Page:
I went through Tuesday night on pressurized oxygen, with my heart hooked up to a portable EKG, a pulseox monitor on my hand to monitor my oxygen levels, compression machines on my legs to mitigate the risk of further blood clots, and a new IV in my left arm - they had to pull the one in the right due to what we later discovered was, you guessed it, more blood clots.  Needless to say, it wasn't a very restful or comfortable night.  My throat was also really sore from the intubation tube.  The doctors came into tell me that my bloodwork showed low dispersion of oxygen in my blood and an elevated level of troponin, a protein secreted by the heart when it is under stress.  My levels weren't crazy high - I think the said the upper threshold of normal was like 5 or something, and people who are having a heart attack are at 20 or 30.  So it wasn't super severe, but given that I had no known heart conditions, the hospital wanted to keep me until they could ascertain that the distress in my heart and lungs was caused by the anesthesia and not something else.  Which I appreciate, because if I went home and felt sick, that's one thing, but if they sent me home with an underlying cardiac or pulmonary problem, well, that could end not so well for me.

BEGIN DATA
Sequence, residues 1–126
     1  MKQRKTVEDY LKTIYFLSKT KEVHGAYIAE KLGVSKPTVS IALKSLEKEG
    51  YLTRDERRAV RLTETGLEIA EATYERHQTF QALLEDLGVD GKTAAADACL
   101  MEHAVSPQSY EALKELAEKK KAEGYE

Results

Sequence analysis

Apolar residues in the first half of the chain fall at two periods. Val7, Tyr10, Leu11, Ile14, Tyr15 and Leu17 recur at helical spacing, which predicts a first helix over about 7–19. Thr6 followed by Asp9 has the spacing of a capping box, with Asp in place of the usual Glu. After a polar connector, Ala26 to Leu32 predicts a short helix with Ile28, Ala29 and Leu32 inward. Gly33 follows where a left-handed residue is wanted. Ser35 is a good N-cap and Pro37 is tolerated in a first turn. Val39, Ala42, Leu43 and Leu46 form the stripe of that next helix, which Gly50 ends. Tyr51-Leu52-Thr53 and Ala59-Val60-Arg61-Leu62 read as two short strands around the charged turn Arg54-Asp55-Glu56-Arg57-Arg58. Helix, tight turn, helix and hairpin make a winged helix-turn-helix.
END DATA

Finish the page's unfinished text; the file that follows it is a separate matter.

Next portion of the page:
Five million tests later (I'm sure this is an exaggeration, but this is what it felt like), including an ultrasound of both my arms before placing a PICC line to ensure there were no major clots in my large veins, I was told the doctors were satisfied with the test results and would be letting me go.  I did have another PICC placed, as I'm back on a super ridiculous IV "antibiotic of last resort" called vancomycin, which had to be placed in my right arm.  The brachial vein in my right arm is apparently FAR larger than the one in my left - this means that it was much, much easier to place the PICC this time, and a lot less painful.  It also means that I can't lift anything heavier than 10lbs with my right hand, which is my dominant side, which is kind of inconvenient and annoying, but c'est la vie.